When you sit down to write letters or thank you cards, you probably don’t stop to consider what message your handwriting is sending to the recipient. You might be surprised to find that your handwriting can actually convey a lot about your personality and emotions. The study of handwriting is known as graphology, and there are people who study handwriting as a profession, known as graphologists.
According to the National Pen Company, your writing can indicate more than 5,000 personality traits. Everything from the size of your letters to the way your letters slant can indicate different emotions and characteristics. For instance, if your letters tend to slant toward the right, you’re probably open to new experiences, but if your letters slant to the left, you like to keep to yourself. If your characters have no tilt, then you are probably a logical and practical person. Different letter loops even have different meanings, with narrow l’s indicating feelings of restriction and tension, while narrow e’s signify a person who tends to be skeptical of others.
How is graphology used?
The study of handwriting can be used in a variety of ways. For instance, analysis of a signature or letter can be used in a crime investigation. So, if a piece of evidence includes a handwritten note, a graphologist or similar expert may be called in to analyze the writing and compare it to various samples of a suspect’s writing.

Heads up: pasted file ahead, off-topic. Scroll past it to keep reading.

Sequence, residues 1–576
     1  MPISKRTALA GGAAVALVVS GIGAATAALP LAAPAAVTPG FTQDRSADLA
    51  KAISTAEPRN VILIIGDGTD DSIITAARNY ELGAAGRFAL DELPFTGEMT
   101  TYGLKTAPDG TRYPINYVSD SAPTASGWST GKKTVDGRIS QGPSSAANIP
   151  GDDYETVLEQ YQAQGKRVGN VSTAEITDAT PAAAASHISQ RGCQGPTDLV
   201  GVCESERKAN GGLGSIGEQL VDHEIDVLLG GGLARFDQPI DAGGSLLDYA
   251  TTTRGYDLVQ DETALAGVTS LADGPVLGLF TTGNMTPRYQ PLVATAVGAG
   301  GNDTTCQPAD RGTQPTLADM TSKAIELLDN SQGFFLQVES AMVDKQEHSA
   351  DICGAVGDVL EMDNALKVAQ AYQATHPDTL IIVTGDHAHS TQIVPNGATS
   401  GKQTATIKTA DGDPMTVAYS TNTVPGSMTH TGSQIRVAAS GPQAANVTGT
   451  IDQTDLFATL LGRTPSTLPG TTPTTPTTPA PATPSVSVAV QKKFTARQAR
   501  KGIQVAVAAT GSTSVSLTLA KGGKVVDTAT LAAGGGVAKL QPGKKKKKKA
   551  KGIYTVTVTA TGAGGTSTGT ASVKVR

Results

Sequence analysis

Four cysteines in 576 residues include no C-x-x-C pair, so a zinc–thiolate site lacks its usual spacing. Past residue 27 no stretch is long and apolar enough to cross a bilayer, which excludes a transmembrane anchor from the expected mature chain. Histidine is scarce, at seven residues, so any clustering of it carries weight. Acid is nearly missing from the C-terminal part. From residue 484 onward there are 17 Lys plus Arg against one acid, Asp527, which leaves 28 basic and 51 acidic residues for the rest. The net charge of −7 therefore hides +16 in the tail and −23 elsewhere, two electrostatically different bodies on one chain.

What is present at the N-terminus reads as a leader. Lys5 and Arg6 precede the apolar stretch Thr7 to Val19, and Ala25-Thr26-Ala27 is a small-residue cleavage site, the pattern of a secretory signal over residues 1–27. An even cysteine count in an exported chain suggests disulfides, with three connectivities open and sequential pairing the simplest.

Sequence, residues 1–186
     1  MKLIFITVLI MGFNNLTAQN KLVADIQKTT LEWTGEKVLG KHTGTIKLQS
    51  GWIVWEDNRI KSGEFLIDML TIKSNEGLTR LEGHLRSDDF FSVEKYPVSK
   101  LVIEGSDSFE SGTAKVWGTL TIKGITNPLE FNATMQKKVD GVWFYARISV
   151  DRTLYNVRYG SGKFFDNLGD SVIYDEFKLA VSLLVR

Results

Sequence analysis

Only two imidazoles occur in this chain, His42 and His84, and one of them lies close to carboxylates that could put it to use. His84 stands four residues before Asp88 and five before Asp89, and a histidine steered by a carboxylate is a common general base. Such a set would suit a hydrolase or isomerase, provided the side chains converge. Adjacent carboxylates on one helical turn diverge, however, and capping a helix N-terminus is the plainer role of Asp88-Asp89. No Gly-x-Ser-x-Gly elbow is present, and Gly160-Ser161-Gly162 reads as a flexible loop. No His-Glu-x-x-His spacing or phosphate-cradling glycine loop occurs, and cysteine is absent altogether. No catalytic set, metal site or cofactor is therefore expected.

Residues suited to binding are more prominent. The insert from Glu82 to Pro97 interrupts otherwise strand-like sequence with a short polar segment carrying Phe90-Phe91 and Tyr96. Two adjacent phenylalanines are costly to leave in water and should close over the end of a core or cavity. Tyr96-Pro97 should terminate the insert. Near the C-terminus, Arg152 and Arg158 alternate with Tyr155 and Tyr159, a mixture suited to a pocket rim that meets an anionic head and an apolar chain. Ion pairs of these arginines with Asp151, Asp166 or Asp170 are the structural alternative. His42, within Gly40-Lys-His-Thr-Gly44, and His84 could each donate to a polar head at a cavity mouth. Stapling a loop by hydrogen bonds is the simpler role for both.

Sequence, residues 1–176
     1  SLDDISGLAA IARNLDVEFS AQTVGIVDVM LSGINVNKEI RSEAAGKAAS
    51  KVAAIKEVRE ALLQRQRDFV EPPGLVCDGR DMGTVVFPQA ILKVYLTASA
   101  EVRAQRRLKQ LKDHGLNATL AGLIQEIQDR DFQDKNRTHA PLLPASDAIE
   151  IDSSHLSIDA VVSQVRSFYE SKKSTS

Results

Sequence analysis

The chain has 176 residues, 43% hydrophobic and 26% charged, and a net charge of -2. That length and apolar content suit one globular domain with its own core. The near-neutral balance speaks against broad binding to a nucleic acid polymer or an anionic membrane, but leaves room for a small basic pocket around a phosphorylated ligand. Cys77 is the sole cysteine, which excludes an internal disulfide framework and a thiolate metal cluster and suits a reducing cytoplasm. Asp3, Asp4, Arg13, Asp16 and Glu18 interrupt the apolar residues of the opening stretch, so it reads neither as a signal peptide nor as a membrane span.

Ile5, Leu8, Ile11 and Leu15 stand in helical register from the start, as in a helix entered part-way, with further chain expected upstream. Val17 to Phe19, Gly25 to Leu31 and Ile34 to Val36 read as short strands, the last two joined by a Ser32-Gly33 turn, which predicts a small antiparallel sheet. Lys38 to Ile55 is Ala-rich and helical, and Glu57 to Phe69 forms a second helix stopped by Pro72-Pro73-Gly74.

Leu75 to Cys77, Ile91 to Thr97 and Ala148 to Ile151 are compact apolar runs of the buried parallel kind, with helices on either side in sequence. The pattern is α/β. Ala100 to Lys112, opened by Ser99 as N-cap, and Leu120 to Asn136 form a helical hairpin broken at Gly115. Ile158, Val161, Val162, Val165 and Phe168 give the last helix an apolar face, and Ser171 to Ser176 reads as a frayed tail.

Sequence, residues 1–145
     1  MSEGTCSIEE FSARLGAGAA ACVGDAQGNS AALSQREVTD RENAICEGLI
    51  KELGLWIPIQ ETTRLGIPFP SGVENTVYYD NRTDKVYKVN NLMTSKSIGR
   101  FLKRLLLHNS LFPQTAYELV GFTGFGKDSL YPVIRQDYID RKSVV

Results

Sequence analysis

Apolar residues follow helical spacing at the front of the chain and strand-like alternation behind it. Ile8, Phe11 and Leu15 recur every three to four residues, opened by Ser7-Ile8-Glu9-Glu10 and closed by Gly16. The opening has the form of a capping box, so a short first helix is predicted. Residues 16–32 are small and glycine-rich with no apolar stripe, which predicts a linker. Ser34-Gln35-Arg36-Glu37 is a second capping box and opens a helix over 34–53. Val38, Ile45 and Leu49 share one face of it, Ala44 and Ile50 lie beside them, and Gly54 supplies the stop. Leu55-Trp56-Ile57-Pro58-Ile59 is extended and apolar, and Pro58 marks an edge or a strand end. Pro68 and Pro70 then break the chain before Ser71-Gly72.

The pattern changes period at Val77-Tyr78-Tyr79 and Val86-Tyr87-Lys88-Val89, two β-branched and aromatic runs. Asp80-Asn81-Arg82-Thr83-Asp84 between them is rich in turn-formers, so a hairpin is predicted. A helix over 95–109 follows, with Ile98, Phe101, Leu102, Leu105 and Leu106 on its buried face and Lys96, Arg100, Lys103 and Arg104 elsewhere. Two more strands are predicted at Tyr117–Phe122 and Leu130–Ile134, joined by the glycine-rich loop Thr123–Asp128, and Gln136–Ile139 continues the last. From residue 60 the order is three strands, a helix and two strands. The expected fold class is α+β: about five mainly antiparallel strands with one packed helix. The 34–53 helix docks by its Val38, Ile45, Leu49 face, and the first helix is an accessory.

Analyzing a person’s writing can also be utilized in health fields as well. According to the National Parkinson Foundation, certain changes in handwriting, like smaller and more cramped words, can be an indicator of the disease. Other health related conditions handwriting can help identify include high blood pressure, Alzheimer’s, schizophrenia, and general energy levels. These various issues are identified based on the amount of pressure applied with the pen, the slanting of the words and irregular writing changes.
Knowing how to analyze a person’s handwriting can also come in handy when you’re trying to hire a new employee. Interviewees often put on a persona because they are trying to promote their strengths and skim over weaknesses. However, if employers know how to analyze certain aspects of writing, they can get a hint about whether the person they’re speaking to is responsible and determined or sporadic and relaxed.
Try looking at features of your own writing. What does it say about you? Knowing what your handwriting says about your character can help you recognize certain shortcomings and work to improve those aspects of your life. For example, wide cursive s’s suggest you’re not following your heart in your career or other pursuits. If you find you write your s’s this way, contemplate this idea and determine whether there’s something you’d rather be doing. If you realize the analysis is right, consider ways you can work to improve your situation and start chasing your aspirations.